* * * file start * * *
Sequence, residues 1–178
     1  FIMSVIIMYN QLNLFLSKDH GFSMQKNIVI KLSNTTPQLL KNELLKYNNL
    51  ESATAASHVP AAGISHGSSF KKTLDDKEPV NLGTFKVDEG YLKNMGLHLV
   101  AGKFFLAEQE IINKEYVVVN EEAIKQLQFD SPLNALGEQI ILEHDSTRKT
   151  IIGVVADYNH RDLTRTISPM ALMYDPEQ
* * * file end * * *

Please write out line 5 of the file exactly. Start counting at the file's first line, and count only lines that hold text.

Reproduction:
   151  IIGVVADYNH RDLTRTISPM ALMYDPEQ